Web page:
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Mayor Ryan Looks Back

As 2013 comes to a close, so does Matt Ryan's tenure as Binghamton Mayor.
As 2013 comes to a close, so does Matt Ryan's tenure as Binghamton Mayor. During his 8 years, Ryan has led the city through the national economic recession and a period of increased development downtown. NewsChannel 34's Peter Quinn sat down with him as he reflected on his two terms.

Mayor Matt Ryan says one of his biggest accomplishments is breathing new life into downtown Binghamton. He says his administration has helped spur $200 million of private investment in the City.

"Investments in the City of Binghamton have sky-rocketed, four and five times what they used to be. Now, we see a lot more people living downtown, a lot more people making investments in downtown. The reason that's important is if you have a healthy downtown, that spreads to people wanting to live in your City," said Ryan.

The Weissman family taking over and reinventing the former Binghamton Regency, now Hilton DoubleTree, was a huge step, as were investments, one by the Weissman's, into large multi-million dollar student housing complexes. Next year, more than 1,000 students will call downtown home. Ryan also touts the City's use of the State funded Restore New York program. He says his administration has helped eliminate 120 blighted properties, including through rehabilitation and demolition.

"We really became the poster child for Restore New York," said Ryan "We got the award two years in a row for blight initiatives and cleaning up blight, so obviously we're very proud of that and many of those properties are back on the tax rolls."

The Mayor never backed away from a fight or controversy. He believed the roundabout downtown was needed and took a lot of heat for it, but we have it. In June of 2010 the Cost of War clock was put up on the side of City Hall, which calculated the monetary value that the wars in Iraq and Afghanistan were costing. And, he has been an outspoken critic of fracking. Ryan has even called Governor Andrew Cuomo, a fellow Democrat, out on the issue.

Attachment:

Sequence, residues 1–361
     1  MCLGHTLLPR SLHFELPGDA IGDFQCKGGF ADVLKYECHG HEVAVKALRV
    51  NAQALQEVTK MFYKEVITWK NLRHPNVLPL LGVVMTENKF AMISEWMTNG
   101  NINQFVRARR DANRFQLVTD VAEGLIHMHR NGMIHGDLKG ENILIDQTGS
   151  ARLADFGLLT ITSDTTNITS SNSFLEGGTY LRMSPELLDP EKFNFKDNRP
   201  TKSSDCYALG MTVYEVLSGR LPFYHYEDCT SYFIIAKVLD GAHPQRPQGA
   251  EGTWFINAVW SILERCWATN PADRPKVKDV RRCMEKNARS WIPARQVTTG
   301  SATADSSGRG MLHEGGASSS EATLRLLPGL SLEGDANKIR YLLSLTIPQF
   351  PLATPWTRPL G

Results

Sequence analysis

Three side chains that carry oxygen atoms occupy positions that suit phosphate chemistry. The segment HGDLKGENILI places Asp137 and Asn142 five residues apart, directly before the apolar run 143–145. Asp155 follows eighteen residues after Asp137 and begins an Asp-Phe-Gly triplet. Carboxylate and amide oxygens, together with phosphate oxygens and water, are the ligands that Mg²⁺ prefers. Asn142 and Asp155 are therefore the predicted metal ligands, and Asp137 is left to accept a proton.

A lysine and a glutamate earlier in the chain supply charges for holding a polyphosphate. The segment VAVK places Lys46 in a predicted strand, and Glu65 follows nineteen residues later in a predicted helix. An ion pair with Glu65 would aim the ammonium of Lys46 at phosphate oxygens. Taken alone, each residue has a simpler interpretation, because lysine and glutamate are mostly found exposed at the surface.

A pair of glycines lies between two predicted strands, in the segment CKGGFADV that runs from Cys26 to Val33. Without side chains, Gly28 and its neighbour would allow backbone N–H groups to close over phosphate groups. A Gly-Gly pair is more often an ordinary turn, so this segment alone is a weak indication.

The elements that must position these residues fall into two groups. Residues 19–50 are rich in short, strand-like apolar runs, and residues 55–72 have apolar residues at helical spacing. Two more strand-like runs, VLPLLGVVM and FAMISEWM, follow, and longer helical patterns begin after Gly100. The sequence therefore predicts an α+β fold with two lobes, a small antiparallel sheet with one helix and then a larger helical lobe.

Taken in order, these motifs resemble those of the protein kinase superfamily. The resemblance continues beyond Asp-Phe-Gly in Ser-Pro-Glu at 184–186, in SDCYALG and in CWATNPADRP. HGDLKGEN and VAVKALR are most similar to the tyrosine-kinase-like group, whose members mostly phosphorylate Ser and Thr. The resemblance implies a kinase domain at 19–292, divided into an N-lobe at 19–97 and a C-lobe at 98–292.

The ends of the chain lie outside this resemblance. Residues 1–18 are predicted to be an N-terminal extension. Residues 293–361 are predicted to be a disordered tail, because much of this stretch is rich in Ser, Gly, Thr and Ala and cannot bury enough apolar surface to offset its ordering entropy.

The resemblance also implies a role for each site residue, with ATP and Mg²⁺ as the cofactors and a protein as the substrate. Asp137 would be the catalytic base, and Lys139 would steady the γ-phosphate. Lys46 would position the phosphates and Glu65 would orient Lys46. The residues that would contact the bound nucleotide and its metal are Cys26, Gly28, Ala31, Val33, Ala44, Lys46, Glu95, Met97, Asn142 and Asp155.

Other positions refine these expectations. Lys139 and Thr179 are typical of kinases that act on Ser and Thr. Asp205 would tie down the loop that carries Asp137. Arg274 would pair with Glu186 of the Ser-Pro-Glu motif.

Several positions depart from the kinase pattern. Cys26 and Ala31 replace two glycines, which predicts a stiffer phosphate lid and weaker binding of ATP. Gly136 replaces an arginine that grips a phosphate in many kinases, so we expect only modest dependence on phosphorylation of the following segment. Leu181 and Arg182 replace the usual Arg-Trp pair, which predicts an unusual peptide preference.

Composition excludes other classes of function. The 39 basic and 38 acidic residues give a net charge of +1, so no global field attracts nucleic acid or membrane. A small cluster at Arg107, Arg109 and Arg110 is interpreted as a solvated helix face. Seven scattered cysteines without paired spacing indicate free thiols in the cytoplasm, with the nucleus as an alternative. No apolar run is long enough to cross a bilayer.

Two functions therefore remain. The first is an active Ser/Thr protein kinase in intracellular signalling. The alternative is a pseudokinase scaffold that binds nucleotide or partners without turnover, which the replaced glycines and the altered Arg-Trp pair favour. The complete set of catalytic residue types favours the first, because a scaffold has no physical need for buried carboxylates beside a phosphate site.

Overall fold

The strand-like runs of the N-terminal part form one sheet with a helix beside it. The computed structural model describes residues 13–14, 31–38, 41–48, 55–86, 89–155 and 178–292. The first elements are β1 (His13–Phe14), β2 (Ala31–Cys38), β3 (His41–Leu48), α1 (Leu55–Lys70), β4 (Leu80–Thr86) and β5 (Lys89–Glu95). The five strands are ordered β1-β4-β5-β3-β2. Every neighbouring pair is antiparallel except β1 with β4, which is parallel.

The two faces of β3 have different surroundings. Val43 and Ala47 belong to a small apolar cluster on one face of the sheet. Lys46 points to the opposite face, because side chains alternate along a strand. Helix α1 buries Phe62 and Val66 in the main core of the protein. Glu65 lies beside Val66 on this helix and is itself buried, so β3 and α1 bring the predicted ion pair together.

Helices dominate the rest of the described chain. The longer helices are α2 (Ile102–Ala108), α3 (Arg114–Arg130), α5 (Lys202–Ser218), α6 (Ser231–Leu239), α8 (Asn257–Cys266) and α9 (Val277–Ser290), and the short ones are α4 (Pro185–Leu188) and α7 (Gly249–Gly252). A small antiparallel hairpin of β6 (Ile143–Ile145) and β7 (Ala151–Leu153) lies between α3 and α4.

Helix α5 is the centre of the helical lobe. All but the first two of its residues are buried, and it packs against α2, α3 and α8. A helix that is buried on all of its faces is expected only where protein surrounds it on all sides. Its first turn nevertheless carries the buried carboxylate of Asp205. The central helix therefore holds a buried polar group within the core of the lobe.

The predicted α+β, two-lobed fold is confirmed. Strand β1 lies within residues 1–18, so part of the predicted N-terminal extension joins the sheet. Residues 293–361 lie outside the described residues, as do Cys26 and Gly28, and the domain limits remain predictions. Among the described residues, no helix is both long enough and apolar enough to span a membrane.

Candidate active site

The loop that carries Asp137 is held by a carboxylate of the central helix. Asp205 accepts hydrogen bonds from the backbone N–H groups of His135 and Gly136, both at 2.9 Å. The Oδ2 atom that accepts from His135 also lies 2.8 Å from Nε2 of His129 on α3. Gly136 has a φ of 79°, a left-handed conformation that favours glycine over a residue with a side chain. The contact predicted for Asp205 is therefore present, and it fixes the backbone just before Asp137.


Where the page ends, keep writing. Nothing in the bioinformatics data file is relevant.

Mayor Ryan says he has left the next Mayor in solid financial shape. He says there is now more than 6-million dollars, in the City's savings account or general fund balance to help the City weather future financial storms. Ryan says he used about 1/6th the amount of fund balance as his predecessor did while keeping the average tax increase over an 8 year period, about the same as in times when the economy was better.

"We had to make some tough choices. We did those responsibly by inviting in people, inviting in the unions, inviting everyone in to talk about what sized government we can afford. We're over 60 positions smaller than we used to be," said Ryan.

As to what's next for the Mayor.

"My wife got a job in Ithaca, back in August, and so I'll be moving up there, but I'll be around and will be keeping an eye on what's going on. I'm not sure what my future brings me, going to relax a little bit and think about it and see where it brings me."

Ryan was unable to run again because of term limits. Newly elected Republican Mayor Rich David takes over on January 1st.
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